Major question

Dennis Putnam dap1 at BELLSOUTH.NET
Fri Oct 15 16:21:15 MDT 2010


 On 10/15/2010 10:34 AM, Tom Matiska wrote:
> I think you have the chronology of liquor taxes and prohibition
> incorrect.  President Washington had to struggle with the issue
> of liquor taxes on two fronts.   He operated a large distillery and he
> had to deal with the armed Whiskey Rebellion of 1794. 
>
The internal combustion engine was not yet invented. There was no liquor
tax during prohibition, obviously. Prior to prohibition and after Henry
Ford's invention, there was no money in moonshine. It was done then
partly because "papa" did it that way and partly a matter of convenience
for family use since distribution of commercial liquor was limited.
>  
> The connection between booze and racing is also historic.  The nearby
> "Camptown Races" ( Stephan Foster 1850)   started with a few stiff
> drinks after Sunday services  and ended up with drunk farmers betting
> on everything from plow horses to whatever.   Now when I go to the
> county fairgrounds their descendants are doing tractor pulls.  Booze,
> rednecks, and racing are a combination that always was and always will
> be.
>
My point was that prior to prohibition, racing was pretty much limited
to the animal kingdom.
>  
> Tom
>  
>  
> --- On *Fri, 10/15/10, Dennis Putnam /<dap1 at BELLSOUTH.NET>/* wrote:
>
>
>     From: Dennis Putnam <dap1 at BELLSOUTH.NET>
>     Subject: Re: [RUSHTALK] Major question
>     To: RUSHTALK at CSDCO.COM
>     Date: Friday, October 15, 2010, 4:35 AM
>
>     I disagree vehemently. First stock car racing started long before
>     NASCAR. There was no money in it, just bragging rights. Moonshine
>     runners had money and an incentive to produce fast cars. Without that
>     combination, there would be no stock car racing. It was after the
>     creation of such technology that the penchant of men to race each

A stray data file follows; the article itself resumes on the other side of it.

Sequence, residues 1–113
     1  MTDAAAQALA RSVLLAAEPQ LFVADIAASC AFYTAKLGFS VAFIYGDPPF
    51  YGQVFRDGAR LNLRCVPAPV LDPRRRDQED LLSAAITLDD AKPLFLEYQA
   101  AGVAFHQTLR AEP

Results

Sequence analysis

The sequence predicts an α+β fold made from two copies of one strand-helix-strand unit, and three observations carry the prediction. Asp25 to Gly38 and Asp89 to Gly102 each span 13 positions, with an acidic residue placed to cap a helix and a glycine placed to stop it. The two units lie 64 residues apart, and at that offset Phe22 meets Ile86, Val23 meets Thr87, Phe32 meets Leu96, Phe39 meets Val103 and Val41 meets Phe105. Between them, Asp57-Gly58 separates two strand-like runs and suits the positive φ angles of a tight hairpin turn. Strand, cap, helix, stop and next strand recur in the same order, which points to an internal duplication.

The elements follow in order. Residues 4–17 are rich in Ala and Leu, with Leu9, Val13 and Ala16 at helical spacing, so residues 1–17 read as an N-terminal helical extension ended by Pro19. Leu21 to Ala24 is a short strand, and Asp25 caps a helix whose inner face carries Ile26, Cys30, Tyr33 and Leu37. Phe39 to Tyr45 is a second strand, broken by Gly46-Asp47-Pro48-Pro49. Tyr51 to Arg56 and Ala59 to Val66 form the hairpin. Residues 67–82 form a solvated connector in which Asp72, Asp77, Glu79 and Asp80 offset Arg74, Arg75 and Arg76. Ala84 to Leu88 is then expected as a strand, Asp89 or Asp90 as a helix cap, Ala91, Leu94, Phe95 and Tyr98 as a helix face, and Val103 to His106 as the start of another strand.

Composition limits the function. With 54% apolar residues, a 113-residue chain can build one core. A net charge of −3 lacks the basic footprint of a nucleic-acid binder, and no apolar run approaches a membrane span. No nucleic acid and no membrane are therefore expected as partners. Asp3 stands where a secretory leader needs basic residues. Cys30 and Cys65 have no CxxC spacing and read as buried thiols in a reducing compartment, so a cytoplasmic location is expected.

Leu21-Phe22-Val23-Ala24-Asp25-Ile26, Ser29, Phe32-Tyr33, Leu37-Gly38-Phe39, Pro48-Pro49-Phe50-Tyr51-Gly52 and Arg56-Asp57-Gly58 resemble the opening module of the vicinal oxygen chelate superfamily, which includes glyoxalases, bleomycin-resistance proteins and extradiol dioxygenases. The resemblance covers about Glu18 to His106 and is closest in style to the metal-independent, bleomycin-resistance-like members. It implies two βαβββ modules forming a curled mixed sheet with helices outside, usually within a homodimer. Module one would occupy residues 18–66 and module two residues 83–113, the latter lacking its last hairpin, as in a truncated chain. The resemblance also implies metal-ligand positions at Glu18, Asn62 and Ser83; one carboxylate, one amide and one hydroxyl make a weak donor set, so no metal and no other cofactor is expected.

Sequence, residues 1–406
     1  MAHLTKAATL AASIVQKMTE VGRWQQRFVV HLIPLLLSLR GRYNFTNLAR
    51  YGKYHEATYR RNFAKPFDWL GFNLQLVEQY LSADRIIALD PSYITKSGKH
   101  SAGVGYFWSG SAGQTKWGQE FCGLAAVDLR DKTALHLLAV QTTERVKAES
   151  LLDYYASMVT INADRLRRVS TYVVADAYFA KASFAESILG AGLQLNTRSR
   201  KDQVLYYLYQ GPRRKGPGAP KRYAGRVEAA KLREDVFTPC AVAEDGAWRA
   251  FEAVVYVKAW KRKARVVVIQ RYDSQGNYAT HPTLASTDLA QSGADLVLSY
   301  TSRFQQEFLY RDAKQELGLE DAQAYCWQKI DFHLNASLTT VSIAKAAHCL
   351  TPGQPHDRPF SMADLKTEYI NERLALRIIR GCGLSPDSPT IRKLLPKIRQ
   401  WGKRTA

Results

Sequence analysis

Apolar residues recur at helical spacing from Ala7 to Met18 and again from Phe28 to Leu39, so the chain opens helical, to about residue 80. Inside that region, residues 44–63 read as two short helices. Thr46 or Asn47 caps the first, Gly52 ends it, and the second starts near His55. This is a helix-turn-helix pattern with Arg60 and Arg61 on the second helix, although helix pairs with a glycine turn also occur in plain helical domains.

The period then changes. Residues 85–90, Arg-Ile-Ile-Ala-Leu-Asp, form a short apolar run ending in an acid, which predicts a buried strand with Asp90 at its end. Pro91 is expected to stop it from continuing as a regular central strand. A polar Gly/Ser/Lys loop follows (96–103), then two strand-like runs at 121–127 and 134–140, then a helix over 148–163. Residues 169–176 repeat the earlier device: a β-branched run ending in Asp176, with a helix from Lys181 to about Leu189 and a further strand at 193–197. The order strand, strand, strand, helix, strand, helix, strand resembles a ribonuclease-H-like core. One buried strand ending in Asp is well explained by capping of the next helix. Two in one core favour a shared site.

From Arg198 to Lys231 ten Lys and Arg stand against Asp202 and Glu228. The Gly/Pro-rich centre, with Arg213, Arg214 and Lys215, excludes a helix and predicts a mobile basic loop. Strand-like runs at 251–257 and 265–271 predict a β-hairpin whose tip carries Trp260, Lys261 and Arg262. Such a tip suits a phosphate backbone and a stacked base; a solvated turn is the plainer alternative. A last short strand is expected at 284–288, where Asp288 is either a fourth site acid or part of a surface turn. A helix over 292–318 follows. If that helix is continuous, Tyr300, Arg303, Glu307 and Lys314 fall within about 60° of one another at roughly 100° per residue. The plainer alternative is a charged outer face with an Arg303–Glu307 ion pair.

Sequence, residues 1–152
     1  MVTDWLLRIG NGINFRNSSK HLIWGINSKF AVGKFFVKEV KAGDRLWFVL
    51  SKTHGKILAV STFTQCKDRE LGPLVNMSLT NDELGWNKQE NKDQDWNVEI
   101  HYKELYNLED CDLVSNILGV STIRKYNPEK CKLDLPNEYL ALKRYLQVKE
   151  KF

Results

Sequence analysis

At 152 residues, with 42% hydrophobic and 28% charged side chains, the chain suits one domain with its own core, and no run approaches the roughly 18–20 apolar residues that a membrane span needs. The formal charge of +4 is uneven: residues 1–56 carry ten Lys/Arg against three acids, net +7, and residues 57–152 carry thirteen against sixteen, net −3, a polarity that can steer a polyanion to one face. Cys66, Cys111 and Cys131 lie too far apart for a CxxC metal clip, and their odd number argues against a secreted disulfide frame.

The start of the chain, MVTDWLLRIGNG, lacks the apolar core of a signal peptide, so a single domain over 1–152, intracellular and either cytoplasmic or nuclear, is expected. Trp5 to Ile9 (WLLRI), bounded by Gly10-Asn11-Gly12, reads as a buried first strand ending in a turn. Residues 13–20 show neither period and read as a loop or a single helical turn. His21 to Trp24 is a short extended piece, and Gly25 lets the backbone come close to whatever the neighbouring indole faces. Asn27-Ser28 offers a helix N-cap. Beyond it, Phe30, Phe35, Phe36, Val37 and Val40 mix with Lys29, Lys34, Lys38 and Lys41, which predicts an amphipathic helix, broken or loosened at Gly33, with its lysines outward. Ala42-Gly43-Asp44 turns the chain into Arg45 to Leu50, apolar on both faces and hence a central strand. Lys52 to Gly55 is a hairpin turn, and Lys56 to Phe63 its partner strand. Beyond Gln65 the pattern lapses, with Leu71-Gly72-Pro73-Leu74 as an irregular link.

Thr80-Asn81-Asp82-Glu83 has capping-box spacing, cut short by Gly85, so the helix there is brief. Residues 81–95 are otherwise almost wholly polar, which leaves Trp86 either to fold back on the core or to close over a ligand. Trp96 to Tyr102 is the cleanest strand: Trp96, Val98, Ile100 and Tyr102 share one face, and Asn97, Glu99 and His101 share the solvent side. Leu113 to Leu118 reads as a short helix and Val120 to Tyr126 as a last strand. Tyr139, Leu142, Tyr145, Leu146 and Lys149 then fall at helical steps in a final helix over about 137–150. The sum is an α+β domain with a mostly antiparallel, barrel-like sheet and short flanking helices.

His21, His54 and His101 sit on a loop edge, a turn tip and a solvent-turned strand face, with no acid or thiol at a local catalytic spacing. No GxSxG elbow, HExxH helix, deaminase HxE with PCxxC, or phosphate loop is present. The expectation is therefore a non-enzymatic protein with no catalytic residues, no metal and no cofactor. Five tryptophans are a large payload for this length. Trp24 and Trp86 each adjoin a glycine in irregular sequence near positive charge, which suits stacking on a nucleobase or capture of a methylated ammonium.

>     other
>     developed. You have the cart in front of the horse. Without
>     prohibition
>     (taxation started after repeal of the 18th amendment) stock car racing
>     would not have developed for years, if ever because there was no
>     incentive to build them.
>
>     On 10/14/2010 6:38 PM, Tom Matiska wrote:
>     >
>     > No.    The history of stock car racing might be a little less
>     > colorful, but the itch to race preceded Mr Fords cars and it would
>     > have evolved anyway.   Also, the 'moonshine running" that influenced
>     > early stock car racing was more about post-prohibition tax
>     evasion. 
>     > If I was going to make the point I'd claim liquor taxes(not
>     > prohibition) were a greater influence.
>     > 
>     > Tom 
>     > 
>     > 
>     > 
>     > 
>     > 
>     > 
>     > 
>     >
>     > --- On *Thu, 10/14/10, Steven Laib /<stevenlaib at SBCGLOBAL.NET
>     <http://us.mc1805.mail.yahoo.com/mc/compose?to=stevenlaib@SBCGLOBAL.NET>>/*
>     wrote:
>     >
>     >
>     >     From: Steven Laib <stevenlaib at SBCGLOBAL.NET
>     <http://us.mc1805.mail.yahoo.com/mc/compose?to=stevenlaib@SBCGLOBAL.NET>>
>     >     Subject: [RUSHTALK] Major question
>     >     To: RUSHTALK at CSDCO.COM
>     <http://us.mc1805.mail.yahoo.com/mc/compose?to=RUSHTALK@CSDCO.COM>
>     >     Date: Thursday, October 14, 2010, 6:18 PM
>     >
>     >     One of our local talkers said this evening that if it wasn't for
>     >     prohibition during the 1920's we wouldn't have NASCAR.
>     >     OK, it isn't an earthshaking question, but does anyone agree?
>     >     
>     >     SDL
>     >
>
>


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